" The mines were doing well then," he continued, " and they would do well still if they developed under some of the brows. The place is rich in lead, and Laxey, too, has got the blonde. It's a pity to see the old industries going, as at Foxdale. I've seen pieces of sulphur up by the streams, and where there's sulphur you are sure to find lead not far off."

" I remember well," he resumed, " the day the Big Wheel, the " Lady Isabella," was christened by Mrs Dumbell. Mr Dumbell was over, and he was going round seeing that the men had plenty to eat. One man had a lot of fat on his plate, and Mr Dumbell said, ' Here, give this man a slice more lean.' I remember him making a speech, and saying to Capt. Rowe, ` Be good to the men.' And then Harry Cubbon, the Wesleyan preacher, made a speech, and said ` We will have to get in under the mountain, and then we will have nothing to do but to take the ore away.' "

Asked as to whether the population had increased, Mr Faragher said. " I daresay the population was as big fifty years ago as it is to-day, but, of course, they lived more in thatched cottages then."

" Were there as many public-houses in the old days?" asked our representative. " There are not half so many of them now as in the old days," he replied. I daresay there used to be twelve. There was one up by the Big Wheel, kept by Tommy Hennery, and another by a man named Kay, up on the Brows. There were four in the old village, and three or four coming up the Glen. Some of them were in little bits of thatched cottages, and there was one little place they called the 'Commercial.' "

" I suppose you remember Parson Caine?"

" Oh, yes. He was a big teetotaller. He used to even run after little boys and girls to see if they were carrying the stuff home."

Asked as to whether there had been many changes about the shore, Mr Faragher said there used to be a bit of fishing, but as a rule the boats went round to Douglas.

" The place has changed considerably," he said, in conclusion. " There has been a lot of emigration for years, and the village has been very much extended."

Mr Ed. Kewley, who lives opposite the Big Wheel, has also many remembrances of Old Laxey. " The mines are not so prosperous now as they were," he said. " The men now only get from 18s to £1 a week, on the whole. I remember well old miners, such as Jim Faragher, Tommy Hogg, Jimmy Brew, George Quayle, and Robert Quine, working there. The women, too, used to be working on the washing floors."

" The village has very much changed in my time," he said; " all round here has been built on, and the old thatched cottages have disappeared."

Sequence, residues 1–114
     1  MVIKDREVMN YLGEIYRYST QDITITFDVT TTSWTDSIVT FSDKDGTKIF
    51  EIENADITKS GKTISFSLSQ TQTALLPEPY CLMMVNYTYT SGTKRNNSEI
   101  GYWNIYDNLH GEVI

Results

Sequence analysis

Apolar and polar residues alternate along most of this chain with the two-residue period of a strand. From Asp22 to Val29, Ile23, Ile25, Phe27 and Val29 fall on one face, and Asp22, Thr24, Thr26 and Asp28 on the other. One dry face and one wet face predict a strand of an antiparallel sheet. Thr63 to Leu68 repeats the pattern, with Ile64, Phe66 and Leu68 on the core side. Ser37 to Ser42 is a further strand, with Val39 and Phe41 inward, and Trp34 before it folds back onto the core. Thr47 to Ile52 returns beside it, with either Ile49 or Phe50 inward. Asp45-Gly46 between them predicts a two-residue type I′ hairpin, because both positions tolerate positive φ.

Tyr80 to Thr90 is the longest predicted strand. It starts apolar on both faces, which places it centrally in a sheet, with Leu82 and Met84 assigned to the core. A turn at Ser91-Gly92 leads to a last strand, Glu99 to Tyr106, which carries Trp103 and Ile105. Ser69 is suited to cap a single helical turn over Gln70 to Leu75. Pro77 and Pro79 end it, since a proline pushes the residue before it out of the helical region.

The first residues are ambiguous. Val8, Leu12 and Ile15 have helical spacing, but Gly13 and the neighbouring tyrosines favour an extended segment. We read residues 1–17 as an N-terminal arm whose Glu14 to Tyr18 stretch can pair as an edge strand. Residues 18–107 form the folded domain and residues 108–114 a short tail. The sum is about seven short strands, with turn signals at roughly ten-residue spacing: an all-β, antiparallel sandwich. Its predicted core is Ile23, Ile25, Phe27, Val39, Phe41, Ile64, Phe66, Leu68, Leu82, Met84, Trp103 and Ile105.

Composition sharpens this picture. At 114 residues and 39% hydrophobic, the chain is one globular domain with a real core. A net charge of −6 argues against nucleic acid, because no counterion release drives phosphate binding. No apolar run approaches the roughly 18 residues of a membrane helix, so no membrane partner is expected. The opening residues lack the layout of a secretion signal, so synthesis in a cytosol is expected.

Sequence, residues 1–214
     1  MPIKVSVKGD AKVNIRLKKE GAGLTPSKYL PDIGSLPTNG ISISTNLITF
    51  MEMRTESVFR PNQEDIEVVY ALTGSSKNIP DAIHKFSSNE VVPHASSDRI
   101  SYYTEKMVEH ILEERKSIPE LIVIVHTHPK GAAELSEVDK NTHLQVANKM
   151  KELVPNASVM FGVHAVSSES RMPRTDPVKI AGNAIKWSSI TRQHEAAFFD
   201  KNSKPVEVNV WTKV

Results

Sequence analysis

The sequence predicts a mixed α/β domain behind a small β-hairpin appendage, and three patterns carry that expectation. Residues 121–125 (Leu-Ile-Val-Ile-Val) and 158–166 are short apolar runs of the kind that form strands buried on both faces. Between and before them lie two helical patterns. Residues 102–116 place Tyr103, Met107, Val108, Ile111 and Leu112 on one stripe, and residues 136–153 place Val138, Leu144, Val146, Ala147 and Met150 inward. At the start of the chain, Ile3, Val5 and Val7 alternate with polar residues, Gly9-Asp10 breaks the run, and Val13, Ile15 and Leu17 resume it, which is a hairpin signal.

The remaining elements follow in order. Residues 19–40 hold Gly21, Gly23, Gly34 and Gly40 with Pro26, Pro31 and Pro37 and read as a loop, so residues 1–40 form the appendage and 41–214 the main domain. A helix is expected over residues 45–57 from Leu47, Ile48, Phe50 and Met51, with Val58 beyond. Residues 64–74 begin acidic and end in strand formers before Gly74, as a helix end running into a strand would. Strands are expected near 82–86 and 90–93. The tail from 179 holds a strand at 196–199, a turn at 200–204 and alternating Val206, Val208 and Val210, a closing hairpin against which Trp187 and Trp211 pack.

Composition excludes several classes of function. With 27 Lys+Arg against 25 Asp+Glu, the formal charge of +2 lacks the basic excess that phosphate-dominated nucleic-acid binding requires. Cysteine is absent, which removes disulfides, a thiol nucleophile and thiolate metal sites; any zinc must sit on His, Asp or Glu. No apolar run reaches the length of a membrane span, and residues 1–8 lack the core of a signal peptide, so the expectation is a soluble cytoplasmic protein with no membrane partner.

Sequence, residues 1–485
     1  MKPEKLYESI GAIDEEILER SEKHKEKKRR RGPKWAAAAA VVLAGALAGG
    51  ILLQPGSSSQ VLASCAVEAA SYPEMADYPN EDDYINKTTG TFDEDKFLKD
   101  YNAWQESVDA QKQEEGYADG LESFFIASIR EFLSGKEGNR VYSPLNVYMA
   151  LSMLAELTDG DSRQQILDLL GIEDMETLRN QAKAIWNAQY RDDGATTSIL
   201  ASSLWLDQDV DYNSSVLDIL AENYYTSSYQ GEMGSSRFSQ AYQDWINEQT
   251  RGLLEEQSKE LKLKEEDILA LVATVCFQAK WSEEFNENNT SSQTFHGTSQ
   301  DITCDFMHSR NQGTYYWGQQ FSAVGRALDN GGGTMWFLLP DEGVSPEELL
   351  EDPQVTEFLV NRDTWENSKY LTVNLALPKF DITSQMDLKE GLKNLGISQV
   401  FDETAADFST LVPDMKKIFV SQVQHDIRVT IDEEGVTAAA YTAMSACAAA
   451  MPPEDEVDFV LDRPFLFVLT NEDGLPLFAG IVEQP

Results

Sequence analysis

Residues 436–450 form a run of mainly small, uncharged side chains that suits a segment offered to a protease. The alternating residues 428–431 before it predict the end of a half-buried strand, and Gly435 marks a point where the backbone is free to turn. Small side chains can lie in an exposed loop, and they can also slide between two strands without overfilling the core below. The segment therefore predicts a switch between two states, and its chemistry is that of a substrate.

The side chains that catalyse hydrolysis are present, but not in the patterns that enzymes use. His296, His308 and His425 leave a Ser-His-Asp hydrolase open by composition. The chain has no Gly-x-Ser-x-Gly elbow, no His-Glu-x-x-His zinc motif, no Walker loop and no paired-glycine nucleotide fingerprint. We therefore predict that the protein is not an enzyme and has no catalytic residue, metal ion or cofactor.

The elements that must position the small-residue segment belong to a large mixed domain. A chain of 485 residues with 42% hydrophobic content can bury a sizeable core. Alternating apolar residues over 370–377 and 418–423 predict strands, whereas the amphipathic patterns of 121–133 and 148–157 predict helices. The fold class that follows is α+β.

F. C. S.


What changes in the village and the parish in the past quarter of a century! The physical formation of the glen and some of the old houses in the bottom of it are almost the only things that " stand as erst they etood." Not only have the buildings been renovated and many new ones added, but there are " faces and footsteps and all things strange." It is likely that the mines do not give a comfortable existence to so many working men and their families to-day. A quarter of a century ago there were many living very comfortably on the slopes of the hills. The older men are gone into the other world, and many of their sons have emigrated to "lands far distant." Really, one who was well-known in the village twenty-five years ago is almost an entire stranger now! O the mutations of this changing world!

But although Laxey has suffered much from emigration, there is no appearance of a decadence m the place; quite the opposite. It has a brave show of comfortable prosperity. The business premises are more numerous and more imposing than they were by far. Witness the fine premises of Mr R. Williamson, Mr Halsall's tailoring establishment, Dibb's stores, Mr Jas. Craine's smart drapery store, Mr Bee's jewelery A Co-op, the fine premises of the Isle of Man Bank. I think Parr's branch and other places have come into existence during the quarter of a century. These places cannot exist on air-there must be business for them, such as can only be found in a go-ahead village. The Post Office and the genial postmaster must not be for gotten. Bless you! one doesn't remember where the Post Office was 25 years ago, so insignificant was it. Now you can't. see Laxey without seeing the Post Office.

The Glen Mills existed 25 years ago, but not as to-day. A big lump has been added to the building, and the methods and machinery have been revolutionised. Even a Canadian miller has been given points at Laxey--and it is a clever thing to astonish folk from the Western Continent.

The Gardens-well, one seems to see them steadily grow before his eyes, till now they are a splendid asset and attraction. It is satisfactory to know that the number of public-houses has not increased much. (I think there is just one more licence.) It is certain they are not needed to any appreciable degree by the Laxey people-they might close but for travellers of one kind and another.

But the number of new dwelling-houses in the parish captivates one's fancy! They are standing majestically on the hills that form the glen; they are in commanding position South Cape way, and Baldrine is like some modern Continental hill retreat.

The Electric Railway is the great feature of Laxey to-day. It explains and accounts for a great deal, and Laxey would feel strange without it.

`What new kings there are in Laxey ! The postmaster an Irishman, the Clerk to the Commissioners an Englishman, the Captain of the Mines an Englishman, the Co-op. manager an Englishman, and "foreigners" on all hands. Still, the police-sergeant doesn't find it hard to manage them

There is one figure still much in evidence which connects past and present. " Men may come and men may go," but Mr Robt. Kewley " goes on for ever." It is refreshing to see him still " going to and fro in the earth and walking up and down." His cheery personality is worth a good deal to the parish.

S. W. L.